“If we understand what drives smoldering myeloma, we may be able to prevent it from progressing to its active form,” said hematologist oncologist Samir Parekh, MD, who works with Dr. Mouhieddine at Icahn School of Medicine. “Or at the minimum, we could better predict who will progress so we can tailor therapy for high-risk patients and minimize toxicity by not overtreating patients who may not need therapy.”

Dr. Mouhieddine’s current work is focusing on developing clinical trials to test whether immunotherapy can snuff out myeloma when it’s at the smoldering stage, “before anything bad happens.

“If a myeloma patient comes in with renal failure, and we treat the myeloma at that stage, it doesn’t mean that the patient’s kidneys are gonna go back to normal. A lot of the damage can be permanent,” he said. “Even when you treat multiple myeloma, and it goes into remission, it ends up coming back. And you just have to go from one therapy to the other.”

In contrast, a successful treatment for smoldering myeloma would prevent progression to the full disease. In other words, it would be a cure – which is now elusive.

Specifically, Dr. Mouhieddine hopes to test whether bispecific antibodies, a type of immunotherapy that enlists the body’s T cells to kill myeloma cells, will be effective in the smoldering phase. Bispecific antibodies are now being explored as treatments for full multiple myeloma when the immune system is weaker, he said, and they may be even more effective earlier, when the body is better equipped to fight off the disease.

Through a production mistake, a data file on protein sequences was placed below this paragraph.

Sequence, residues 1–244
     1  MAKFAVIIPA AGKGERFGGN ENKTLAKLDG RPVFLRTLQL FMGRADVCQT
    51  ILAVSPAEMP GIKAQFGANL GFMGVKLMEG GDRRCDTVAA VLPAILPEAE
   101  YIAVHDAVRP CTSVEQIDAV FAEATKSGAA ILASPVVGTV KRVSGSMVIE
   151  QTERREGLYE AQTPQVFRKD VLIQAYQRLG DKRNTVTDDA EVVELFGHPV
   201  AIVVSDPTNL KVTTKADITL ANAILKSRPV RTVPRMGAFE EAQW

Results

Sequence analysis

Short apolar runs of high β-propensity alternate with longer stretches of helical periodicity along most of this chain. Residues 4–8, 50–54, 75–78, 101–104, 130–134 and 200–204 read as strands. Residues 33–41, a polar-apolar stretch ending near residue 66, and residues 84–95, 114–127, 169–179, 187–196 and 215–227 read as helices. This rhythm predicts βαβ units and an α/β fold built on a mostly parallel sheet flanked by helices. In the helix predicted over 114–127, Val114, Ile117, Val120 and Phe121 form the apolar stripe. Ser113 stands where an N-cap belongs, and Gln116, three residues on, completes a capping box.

Dr. Mouhieddine hopes better treatments for multiple myeloma itself will help save his 64-year-old aunt Hassana, back in Beirut. He diagnosed her in 2022 after she told him that she felt tired all the time and underwent various tests. The woman he calls his “second mom” is doing well, despite struggles to buy medication due to the lack of access to bank funds in Lebanon.

Hassana Mouhieddine with her nephew, Dr. Tarek Mouhieddine

“I’m always going to be afraid that the disease is going to progress or come back at some point,” he said. “Lebanon doesn’t have as many options as people in the U.S. do. Once you exhaust your first option, and maybe your second option, then you don’t have any other options. Here, we have outpatients who exhaust option number 15 and go to option number 16. That’s definitely not the case over there.”

For now, Dr. Mouhieddine is treating patients and working to launch clinical trials into smoldering myeloma. “His work ethic is incredible,” said his colleague, Dr. Chari. “He has seen multiple projects to publication, and he develops deep connections with his patients and follows up on their care whether or not he is in clinic on a particular day.”

Dr. Parekh, another colleague, said Dr. Mouhieddine can even be a role model. “Other trainees may benefit from thinking about their career early on and exploring both lab and clinical research projects, so that they can develop the necessary experience to be competitive in academia later on.”

His workload can a burden for Dr. Mouhieddine, who is Muslim. He expressed regret that his busy schedule does not always permit him to fast during Ramadan. On a nonmedical front, his recent efforts have paid off. In March 2023 Dr. Mouhieddine became a U.S. citizen.

“It’s surreal,” he said, “but also a dream come true. I feel very grateful, like it’s like an appreciation of who I am, what I’ve done, and what I can do for this country.”

This article originally appeared on, part of the Medscape Professional Network.

This article originally appeared on, part of the Medscape Professional Network.